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Why you aren't as happy as you could be - #3

Reason #3 you aren't has happy as you could be:

You’re letting your mind chatter without supervision and management.

One of the things our brain does is generate thoughts. All day long, your brain creates sentences that you process. Sometimes you generate thoughts on your own volition, but regardless of how much you do that, the brain is also constantly chattering and creating its own sentences and presenting them to you. If you let your brain operate unsupervised and unmanaged, like most people do, you’re not taking advantage of your potential to have more happiness in your life and more control over your life.

For better or worse, evolutionarily, our brain is designed to produce mainly negative thoughts. Its main goal is survival of the species and therefore survival of you. It has evolved to drive us to seek pleasure and avoid pain. That served our species very well. But those negative thought patterns that helped keep us alive in the past (e.g., “stay in the cave”, “if you come across food, eat everything in sight”) aren’t always so helpful in the modern world. 

If you aren’t watching your brain carefully, you are going to buy into the thoughts it generates. You are going to take them as truths, or as observations of the world, instead of interpretations of the world. Negative thoughts can turn into repetitive thought patterns and stories we believe about ourselves and the world, without us really noticing this is going on. It is just a part of our life; we don’t even question it. This is a big deal, because thoughts have a huge influence on our emotions, our mood, our behavior and the actions we take, or don’t take, in our lives.

Some examples of modern thoughts with negative content:

  • “I shouldn’t try something new; I might fail.”

  • “Today sucks.”

  • “That better never happen to me. I could never make it through that kind of tragedy and loss.”

  • “I don’t feel like exercising today.”

If you take these thoughts as truths, you can see how they will affect your mood, your behaviors and your outcomes. Thoughts can lead to insecurity, low self-confidence, sadness, hopelessness, fear, reduced energy, poor attention/concentration, lack of present focus, guilt, inaction toward life goals, avoidance, poor health habits, and so on.

Many psychological therapies of the past (and still practiced) instruct clients to try to stop negative thoughts from occurring, or to change every thought to something more realistic or helpful. This is impossible.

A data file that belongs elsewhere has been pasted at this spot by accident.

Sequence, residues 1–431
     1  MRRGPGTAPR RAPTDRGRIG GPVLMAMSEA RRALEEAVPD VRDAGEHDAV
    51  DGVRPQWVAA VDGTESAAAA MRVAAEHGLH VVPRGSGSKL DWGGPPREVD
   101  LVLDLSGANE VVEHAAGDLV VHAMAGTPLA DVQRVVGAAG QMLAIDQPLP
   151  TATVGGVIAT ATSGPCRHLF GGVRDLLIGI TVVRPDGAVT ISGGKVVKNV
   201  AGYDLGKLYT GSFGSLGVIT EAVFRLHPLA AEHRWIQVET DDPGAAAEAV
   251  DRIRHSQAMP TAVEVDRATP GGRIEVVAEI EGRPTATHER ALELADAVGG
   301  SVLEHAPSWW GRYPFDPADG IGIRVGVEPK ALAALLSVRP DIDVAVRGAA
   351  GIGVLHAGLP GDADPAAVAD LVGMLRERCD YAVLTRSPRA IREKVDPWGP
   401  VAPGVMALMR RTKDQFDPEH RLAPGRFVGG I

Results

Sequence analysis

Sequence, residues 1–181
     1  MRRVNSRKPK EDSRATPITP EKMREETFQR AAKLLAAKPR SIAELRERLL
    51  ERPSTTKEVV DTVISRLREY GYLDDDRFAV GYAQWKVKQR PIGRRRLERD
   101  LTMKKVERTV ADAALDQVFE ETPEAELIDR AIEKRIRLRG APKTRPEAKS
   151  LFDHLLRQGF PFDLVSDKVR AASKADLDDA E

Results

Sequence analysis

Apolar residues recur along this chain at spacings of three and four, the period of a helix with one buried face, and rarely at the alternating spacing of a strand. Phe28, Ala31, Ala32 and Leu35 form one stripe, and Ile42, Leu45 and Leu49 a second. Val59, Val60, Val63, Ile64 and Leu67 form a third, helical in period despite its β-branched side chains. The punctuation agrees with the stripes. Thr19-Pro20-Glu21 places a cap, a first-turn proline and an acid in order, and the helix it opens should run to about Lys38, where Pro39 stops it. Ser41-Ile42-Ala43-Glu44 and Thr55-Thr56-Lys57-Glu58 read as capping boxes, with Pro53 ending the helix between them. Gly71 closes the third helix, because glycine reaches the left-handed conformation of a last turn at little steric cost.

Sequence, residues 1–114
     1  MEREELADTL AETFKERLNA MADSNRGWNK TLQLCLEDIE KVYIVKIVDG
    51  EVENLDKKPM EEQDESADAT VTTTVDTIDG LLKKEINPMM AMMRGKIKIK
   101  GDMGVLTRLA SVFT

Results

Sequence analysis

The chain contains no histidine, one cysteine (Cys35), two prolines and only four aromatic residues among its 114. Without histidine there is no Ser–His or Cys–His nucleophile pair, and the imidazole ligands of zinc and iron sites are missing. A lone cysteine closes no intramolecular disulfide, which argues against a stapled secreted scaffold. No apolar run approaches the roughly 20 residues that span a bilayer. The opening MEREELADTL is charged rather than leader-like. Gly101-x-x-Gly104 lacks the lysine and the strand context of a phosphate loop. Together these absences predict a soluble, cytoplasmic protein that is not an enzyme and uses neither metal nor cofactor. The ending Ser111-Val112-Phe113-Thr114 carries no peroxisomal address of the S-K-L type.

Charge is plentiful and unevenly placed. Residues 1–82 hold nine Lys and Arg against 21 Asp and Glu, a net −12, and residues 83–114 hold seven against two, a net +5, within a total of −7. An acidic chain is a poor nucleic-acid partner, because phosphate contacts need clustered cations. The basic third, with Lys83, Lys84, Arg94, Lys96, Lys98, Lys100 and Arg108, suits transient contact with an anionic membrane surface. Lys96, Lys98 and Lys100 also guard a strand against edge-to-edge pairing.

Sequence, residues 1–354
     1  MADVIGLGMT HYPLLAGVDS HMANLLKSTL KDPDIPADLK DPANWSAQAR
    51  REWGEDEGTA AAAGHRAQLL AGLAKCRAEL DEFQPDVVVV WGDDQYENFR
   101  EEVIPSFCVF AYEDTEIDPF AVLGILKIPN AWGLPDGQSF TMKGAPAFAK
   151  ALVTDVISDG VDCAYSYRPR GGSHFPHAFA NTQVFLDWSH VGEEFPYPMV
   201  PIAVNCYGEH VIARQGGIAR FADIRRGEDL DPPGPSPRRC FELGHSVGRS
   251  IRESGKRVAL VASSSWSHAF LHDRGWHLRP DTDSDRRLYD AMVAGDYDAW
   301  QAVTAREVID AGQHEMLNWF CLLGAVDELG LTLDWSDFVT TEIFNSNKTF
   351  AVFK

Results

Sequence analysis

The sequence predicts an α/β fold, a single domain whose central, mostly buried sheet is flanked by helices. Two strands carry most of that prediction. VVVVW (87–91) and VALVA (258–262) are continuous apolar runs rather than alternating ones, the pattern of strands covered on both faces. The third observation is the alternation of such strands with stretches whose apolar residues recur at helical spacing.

Many self-help gurus instruct people to have only positive thoughts. This, also, is impossible.

What we can do, though, is learn to supervise our brains and ultimately become managers of our mind.

Step One: Awareness (supervision).

The first step is just being aware that the brain functions this way. We need to understand that many, if not most, of our thoughts on a daily basis are generated by the brain, not purposefully created by us. When you know this, then you can start to become more aware of the thoughts your brain is generating, and you can start seeing which ones are helpful for you and which ones are not. 

You are simply noticing your thoughts at first, and realizing that they are just that – thoughts. Sentences your brain created. By doing this, you are starting to provide some supervision of your brain or your thinking mind. You are observing rather than “fusing” with those thoughts. You are separating yourself from your thinking mind. You can’t be your thoughts if you are watching your thoughts. 

Step Two: Management.

As you increase your awareness of your thoughts, you can start to be more deliberate about which thoughts you “fuse” with – which thoughts you focus on, identify with, believe—and which thoughts you would rather not “fuse” with. Please note you are not getting into a power struggle with the thoughts; you are simply knowing they are there, acknowledging them, and knowing that you don’t have to “fuse” with all of them.

When you observe yourself having the thought that you don’t feel like exercising today, and then you decide whether that is a thought that serves you, you are freed up to decide for yourself what you are going to do (exercise or not exercise). 

When you have the thought and “fuse with it” (ie, experience it as a truth, rather than observe it), you are likely to decide not to exercise. 

I am 99% sure you will be happier if you exercise, but you didn’t even give yourself that chance to be happier when you immediately fused with the negative thought.

In addition to being more deliberate about which thoughts you want to fuse with, over time, you can also start to create thoughts that are helpful to you, and focus your attention on these thoughts that serve you. 

To recap:
The human brain generates mostly negative thoughts.
Thoughts color emotions and influence action (or inaction). 
Happiness is a by-product of action aligned with values. 
When you are managing your mind so that you are living more in line with your values, then you are experiencing more happiness as a by-product… and more meaning, fulfillment and joy along the journey.
You are sure to experience more unhappiness if you don’t practice managing your mind. 

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